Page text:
SBD/Issue 138/Olympics

Chicago 2016 Officials Lead IOC On Tour Of Proposed Olympic Sites

 
Chicago 2016 officials yesterday led members of the IOC Evaluation Commission on a tour of proposed sites in the city's bid for the '16 Olympics, and USOC Chief Communications Officer Darryl Seibel and Chicago 2016 Communications Dir Patrick Sandusky said that "hitting the road drives home the bid team's message of how compact the sporting sites and athlete living quarters are," according to Lisa Donovan of the CHICAGO SUN-TIMES. Chicago 2016 officials indicated that 90% of the venues and housing facilities are "within a 15-minute drive." The tour included a stop at Washington Park, "where 200-plus flag-waving boosters stood in a ring meant to outline the proposed 80,000-seat Olympic Stadium." The next stop was at Monroe Harbor, a "possible home to Olympic rowing and swimming competitions," where sailboats had masts "emblazoned with the Chicago 2016 bid team's logo." And "everywhere there were Olympic luminaries," including former Olympians Greg Louganis, Nadia Comaneci and Bart Conner. Donovan notes it is "unclear what impression the dozen sites made on the visitors," as commission members "aren't talking with journalists" (CHICAGO SUN-TIMES, 4/6). AROUND THE RINGS' Ed Hula reported the tour went on despite a "mostly cold, blustery Sunday, punctuated by bouts of spitting rain." The tour began at 8:00am CT and ended around 6:30pm (AROUNDTHERINGS.com, 4/5). In Colorado Springs, Brian Gomez notes the IOC Evaluation Commission will "issue a technical report for the 107-person IOC in September after touring Madrid, Rio de Janeiro and Tokyo within the next month" (Colorado Springs GAZETTE, 4/6).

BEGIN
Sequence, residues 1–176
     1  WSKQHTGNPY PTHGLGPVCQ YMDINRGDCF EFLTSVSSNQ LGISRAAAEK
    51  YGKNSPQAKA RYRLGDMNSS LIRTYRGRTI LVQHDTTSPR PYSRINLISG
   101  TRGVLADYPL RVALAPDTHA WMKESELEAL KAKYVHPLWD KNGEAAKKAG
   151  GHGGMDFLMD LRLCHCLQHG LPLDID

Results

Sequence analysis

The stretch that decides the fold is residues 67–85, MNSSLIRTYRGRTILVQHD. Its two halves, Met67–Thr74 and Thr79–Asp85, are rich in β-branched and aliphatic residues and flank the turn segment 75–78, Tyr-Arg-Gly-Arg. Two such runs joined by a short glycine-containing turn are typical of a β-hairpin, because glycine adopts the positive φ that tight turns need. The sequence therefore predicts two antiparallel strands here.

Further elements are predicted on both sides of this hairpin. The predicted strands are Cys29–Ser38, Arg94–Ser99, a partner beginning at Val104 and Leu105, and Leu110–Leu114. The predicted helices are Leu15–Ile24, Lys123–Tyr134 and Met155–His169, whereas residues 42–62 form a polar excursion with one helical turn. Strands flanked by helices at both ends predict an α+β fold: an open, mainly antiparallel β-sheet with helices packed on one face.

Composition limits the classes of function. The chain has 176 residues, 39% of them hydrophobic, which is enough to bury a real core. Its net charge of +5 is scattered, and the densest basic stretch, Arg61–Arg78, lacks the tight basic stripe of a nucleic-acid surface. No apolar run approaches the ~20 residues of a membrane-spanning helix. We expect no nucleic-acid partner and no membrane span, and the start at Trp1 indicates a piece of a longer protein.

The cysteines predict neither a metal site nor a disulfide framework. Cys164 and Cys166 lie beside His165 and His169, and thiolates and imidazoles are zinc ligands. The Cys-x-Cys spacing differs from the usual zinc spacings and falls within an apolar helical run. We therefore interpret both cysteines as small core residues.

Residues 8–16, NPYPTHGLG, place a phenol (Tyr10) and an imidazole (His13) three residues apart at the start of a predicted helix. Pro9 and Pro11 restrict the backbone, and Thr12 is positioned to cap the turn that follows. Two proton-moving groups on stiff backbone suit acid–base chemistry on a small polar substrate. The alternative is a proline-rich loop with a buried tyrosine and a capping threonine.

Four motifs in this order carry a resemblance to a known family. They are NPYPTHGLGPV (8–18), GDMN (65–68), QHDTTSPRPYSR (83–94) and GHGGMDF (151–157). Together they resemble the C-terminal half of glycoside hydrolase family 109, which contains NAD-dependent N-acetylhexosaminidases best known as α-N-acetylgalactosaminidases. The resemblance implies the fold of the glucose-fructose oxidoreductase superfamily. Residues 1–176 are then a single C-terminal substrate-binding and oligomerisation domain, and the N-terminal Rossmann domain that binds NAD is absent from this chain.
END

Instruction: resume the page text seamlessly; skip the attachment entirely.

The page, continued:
FEW PROTESTERS: In Chicago, Hersh & Heinzmann note "hundreds of volunteers ... and just a handful of protesters weathered long waits to greet the commission's members as they spent nearly eight hours touring planned Olympic sports venues, media center and the Olympic Village site in the city." Chicago Mayor Richard Daley "rode with commission members on their first stop of the tour Sunday and later rejoined them for lunch at the Shedd Aquarium" (CHICAGO TRIBUNE, 4/6). USA TODAY's Vicky Michaelis writes Chicago 2016 officials "undoubtedly repeated words, such as 'temporary,' that until recent years were foreign to the Olympic lingo." Chicago 2016 Dir of Venues & Games Operations Doug Arnot: "So much of our plan is really designed for these times." Michaelis notes only 24% of "all planned Olympic construction in Chicago would be permanent" (USA TODAY, 4/6).

Ryan Must Convince IOC Committee To
Choose Chicago Despite Lacking Guarantee